Google Ads is an important platform for online merchants. Google Analytics is another. Combining the two provides rich, actionable data to grow traffic and sales — assuming that tracking is set up correctly.
In this post, I’ll provide an audit process to confirm proper integration.
Syncing Google Analytics and Google Ads allows data to pass back and forth between the two platforms. Google explains how to link the two, at “Link Google Analytics and Google Ads accounts,” a Google Ads help post.
After linking, check reports the next day to confirm imported data, as follows.
Google Analytics Data in Google Ads
To confirm data from Analytics is integrated properly, go to reports in Google Ads for “Campaigns,” “Ad Groups,” or “Keywords” and modify the columns.
Then click on the “Google Analytics” arrow.
Then check the available metrics.
The following data can be imported from Google Analytics into Google Ads.
- Bounce rate
- Pages / session
- Avg. session duration (seconds)
- % new sessions
- Conversion data, such as ecommerce transactions and goals. (To import conversions from Google Analytics to Google Ads, follow Google’s instructions.)
Importantly, the following items cannot be imported into Google Ads.
- Other channel data, such as from organic search, direct, and social media.
- Other pay-per-click platforms, such as Microsoft ads.
- Data on individual pages, such as page views and exits.
- Audience data.
Google Ads Data in Google Analytics
To confirm imported Google Ads’ data, go to Acquisition > Google Ads in Google Analytics.
Many settings and much data can be imported from Ads to Analytics, including:
- Campaign data (impressions, clicks, spend, more).
- Ad Group data (impressions, clicks, spend, more).
- Keyword data (impressions, clicks, spend, more).
- Search Term data (impressions, clicks, spend, more).
- Bid adjustment settings.
However, the following data cannot be imported from Ads to Analytics:
- Google Ads conversions. Analytics can send conversions to Ads, but not vice-versa.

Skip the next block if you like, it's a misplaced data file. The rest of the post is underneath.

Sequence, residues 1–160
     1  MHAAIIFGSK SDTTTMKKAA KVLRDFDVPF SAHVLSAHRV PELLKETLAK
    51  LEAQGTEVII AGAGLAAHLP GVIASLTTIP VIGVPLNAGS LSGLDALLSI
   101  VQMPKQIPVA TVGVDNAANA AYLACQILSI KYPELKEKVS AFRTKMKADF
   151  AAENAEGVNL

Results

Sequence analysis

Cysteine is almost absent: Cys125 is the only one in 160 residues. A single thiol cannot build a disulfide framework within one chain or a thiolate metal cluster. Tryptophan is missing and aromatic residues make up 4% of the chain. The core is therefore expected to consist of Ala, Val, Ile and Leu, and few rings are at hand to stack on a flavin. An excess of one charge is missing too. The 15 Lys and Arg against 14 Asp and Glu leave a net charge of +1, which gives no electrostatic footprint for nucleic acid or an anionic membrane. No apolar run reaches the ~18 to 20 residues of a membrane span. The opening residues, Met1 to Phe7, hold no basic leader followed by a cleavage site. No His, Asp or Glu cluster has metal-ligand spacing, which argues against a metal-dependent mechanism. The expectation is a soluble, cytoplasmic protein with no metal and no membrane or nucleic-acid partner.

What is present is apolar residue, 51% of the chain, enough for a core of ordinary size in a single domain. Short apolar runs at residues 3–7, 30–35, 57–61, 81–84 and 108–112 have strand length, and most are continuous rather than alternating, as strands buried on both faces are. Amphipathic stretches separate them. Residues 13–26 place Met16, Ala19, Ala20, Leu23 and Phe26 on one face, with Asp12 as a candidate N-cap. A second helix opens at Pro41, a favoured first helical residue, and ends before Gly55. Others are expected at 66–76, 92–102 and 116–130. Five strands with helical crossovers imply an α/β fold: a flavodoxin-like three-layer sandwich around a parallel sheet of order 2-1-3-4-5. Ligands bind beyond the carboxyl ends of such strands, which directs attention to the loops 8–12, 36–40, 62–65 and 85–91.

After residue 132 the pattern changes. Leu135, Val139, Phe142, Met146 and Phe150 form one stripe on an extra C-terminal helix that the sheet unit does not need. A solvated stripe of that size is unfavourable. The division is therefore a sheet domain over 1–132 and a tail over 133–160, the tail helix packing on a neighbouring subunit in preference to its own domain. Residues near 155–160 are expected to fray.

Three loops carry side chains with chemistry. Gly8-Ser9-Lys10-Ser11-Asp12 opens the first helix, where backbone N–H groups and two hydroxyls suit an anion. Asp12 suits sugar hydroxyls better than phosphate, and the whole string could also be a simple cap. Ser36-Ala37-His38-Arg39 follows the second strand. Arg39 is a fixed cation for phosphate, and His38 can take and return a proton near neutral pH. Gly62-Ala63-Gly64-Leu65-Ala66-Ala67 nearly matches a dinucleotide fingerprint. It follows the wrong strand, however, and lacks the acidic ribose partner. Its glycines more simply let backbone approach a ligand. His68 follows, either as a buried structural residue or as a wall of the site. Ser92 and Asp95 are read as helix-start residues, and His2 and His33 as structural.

- Data not included in the Google Ads reports in Analytics.
A good practice is to compare conversion data for Google Ads traffic. If the numbers differ, there’s likely a tracking glitch.
First, identify the attribution model set up in Google Ads for conversions that use that conversion pixel. In Google Ads, go to Tools & Settings > Conversions.
Then click on the Ads’ conversion action that uses the tracking tag.
And note the attribution model. The example below is set to “Position-based.” Also, note the “Conversion Window.”
Next, in Google Analytics go to Conversions > Multi-Channel Funnels > Model Comparison Tool.
Then set up the report as follows:
- Include the same date range as the comparable Google Ads report.
- Include just one conversion that should be comparable to the Google Ads conversion.
In the below example, I could select “Transaction” or “Goal 1: Placed Order” because both show nearly identical numbers for total conversions.
- Update the path length to “All” to report all conversions.
- Select “Google Ads” as the conversion type.
- Set the Lookback Window to match the Google Ads setting. In my example, both were set to “30 days.”
Filter by conversion action in Google Ads if you have multiple actions.
And then look at that number. I get 189.9 transactions for the timeframe I’m comparing for Google Ads.
And in Google Analytics, when applying the same attribution model, I get the numbers I need to sum up the value. (Google Analytics doesn’t provide a total value. You have to export a .csv to sum up — or do the math yourself). I calculated 177.95 total conversions from Google Analytics, which is close to the 189.9 from Google Ads.
If the two numbers do not materially align:
- Check that the Google Analytics conversion tracking tag is firing on the same page using the same Google Tag Manager trigger as Google Ads.
- Ensure Google Ads traffic is not getting redirected and stripping out the AutoTagging query parameters. Follow the process in “Use Google Analytics to Audit PPC Traffic,” a previous article.
- Read “Comparing Analytics and Google Ads conversion metrics,” a Google Analytics help article.
Other Advertising Platforms
Google offers a comprehensive integration between Ads and Analytics. Other platforms, such as Microsoft ads, cannot be integrated nearly as well. But you can ensure tracking is accurate by using the same process outlined for comparing Google Analytics with Google Ads.
Cost data from other platforms can also be imported into Google Analytics. I’ve explained that process, at “Using Google Analytics to Optimize Bing Ads, Other Channels.”